Writer’s Craft # 125 – A whole new villain

Anne E Johnson

Anne E. Johnson celebrates the release of Blue Diamond Delivery, sequel to her humorous, noir-inspired science fiction novel Green Light Delivery from Candlemark & Gleam Publishing. She writes speculative and historical fiction for adults and children, and has had over thirty short stories published in The Future Fire, Shelter of Daylight, Drunk Monkeys, and elsewhere.

When I first wrote Blue Diamond Delivery, one of my beta readers complained about some aspects of the plot. However, he couldn’t articulate what was causing the problem beyond that he didn’t quite buy my main character’s motivation. I puzzled over it, and made some small changes, but I knew I still hadn’t hit the meat of the problem.

A writer with a fantastic editor is a blessed writer, indeed. I sent the novel to Kate Sullivan at Candlemark & Gleam. Among her thousand editorial comments was the observation that all the plot threads were loose. They needed something to hold them together so they all led toward one place.

Seeing it in those terms, I realized just what was missing: I needed a proper villain! And so, in the deepest gut-renovation of a novel I’ve ever attempted, I wrote in an additional major character. The scariest part was making sure this character was connected at every point in the pre-existing plot and sub-plots. But on the whole it was a fascinating thing to try and rewarding to achieve.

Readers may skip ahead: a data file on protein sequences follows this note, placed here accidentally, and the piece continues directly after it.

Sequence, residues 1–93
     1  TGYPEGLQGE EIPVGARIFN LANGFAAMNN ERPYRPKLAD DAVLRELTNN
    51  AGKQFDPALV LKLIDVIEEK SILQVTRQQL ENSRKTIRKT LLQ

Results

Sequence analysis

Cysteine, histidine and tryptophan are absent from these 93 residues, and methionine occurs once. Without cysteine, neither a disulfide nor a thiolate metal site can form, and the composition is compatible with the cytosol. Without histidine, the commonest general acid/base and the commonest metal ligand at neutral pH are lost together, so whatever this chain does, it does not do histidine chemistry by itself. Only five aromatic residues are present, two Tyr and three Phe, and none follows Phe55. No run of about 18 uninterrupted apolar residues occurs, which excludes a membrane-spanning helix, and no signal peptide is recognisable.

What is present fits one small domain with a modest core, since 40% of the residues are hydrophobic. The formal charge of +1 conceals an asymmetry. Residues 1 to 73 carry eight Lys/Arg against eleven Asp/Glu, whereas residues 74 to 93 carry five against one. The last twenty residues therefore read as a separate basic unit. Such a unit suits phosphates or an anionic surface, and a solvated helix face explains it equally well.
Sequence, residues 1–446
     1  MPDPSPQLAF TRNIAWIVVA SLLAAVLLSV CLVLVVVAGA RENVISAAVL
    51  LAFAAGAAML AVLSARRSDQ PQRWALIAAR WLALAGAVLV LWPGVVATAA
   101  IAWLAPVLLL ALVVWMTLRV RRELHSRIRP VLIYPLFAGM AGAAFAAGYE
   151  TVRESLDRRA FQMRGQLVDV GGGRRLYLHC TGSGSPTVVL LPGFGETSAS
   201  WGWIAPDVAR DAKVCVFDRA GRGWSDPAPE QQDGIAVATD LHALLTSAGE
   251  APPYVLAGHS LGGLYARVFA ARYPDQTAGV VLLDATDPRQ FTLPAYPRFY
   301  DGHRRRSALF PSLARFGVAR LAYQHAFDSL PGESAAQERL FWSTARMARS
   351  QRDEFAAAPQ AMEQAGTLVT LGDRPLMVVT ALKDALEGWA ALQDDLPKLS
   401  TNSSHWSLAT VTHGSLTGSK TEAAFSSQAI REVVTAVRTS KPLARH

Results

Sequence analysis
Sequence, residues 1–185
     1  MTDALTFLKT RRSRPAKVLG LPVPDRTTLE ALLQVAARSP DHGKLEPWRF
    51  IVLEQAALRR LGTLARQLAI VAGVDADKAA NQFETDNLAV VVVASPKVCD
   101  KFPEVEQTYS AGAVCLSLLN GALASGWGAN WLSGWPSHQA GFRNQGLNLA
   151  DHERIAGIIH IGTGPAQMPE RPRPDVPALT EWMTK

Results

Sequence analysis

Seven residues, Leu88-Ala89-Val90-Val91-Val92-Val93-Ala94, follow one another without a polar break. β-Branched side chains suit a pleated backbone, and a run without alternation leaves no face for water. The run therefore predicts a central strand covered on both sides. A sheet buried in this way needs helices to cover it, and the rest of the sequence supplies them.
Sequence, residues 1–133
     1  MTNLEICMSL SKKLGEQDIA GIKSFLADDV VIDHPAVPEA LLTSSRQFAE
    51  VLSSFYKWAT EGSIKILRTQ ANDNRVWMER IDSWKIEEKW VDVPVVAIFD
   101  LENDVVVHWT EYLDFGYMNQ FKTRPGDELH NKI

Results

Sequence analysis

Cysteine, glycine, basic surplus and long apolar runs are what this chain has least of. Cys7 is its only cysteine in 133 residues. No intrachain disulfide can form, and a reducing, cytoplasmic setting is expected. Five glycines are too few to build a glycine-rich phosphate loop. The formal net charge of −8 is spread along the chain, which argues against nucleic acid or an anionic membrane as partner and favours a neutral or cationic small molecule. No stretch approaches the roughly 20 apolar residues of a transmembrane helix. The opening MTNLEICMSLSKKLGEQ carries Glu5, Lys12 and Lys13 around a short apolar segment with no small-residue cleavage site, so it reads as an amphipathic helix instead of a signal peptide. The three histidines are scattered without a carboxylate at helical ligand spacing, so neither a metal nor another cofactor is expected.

What is the biggest, deepest change you’ve ever made to a manuscript that you thought was basically finished?


7 thoughts on “Writer’s Craft # 125 – A whole new villain

  1. I had two characters meet in a near-to-last chapter. It was just a way of transferring information between plot threads. But when they met, sparks flew! I had to go back and rewrite the one of them who I hadn’t even known was gay… and their love affair became the core of the next novel in the series.

  2. After receiving the same critique from many beta readers, I chose to start the story about a third of the way through. All the front end detail had to be re-worked and inserted as back story. Back story is always tricky. You can’t dump too much too soon, but you need enough for the story to make sense. It was a lot of work, but a terrific learning experience.

  3. Thanks, Anne. Just reading your comments made me think about what was missing in my novel in progress. While not a villain, I have had to re-think the whole progression of characters, motivation, who is the good and who is bad, and who is both. More work (aargh), but that is just fine.

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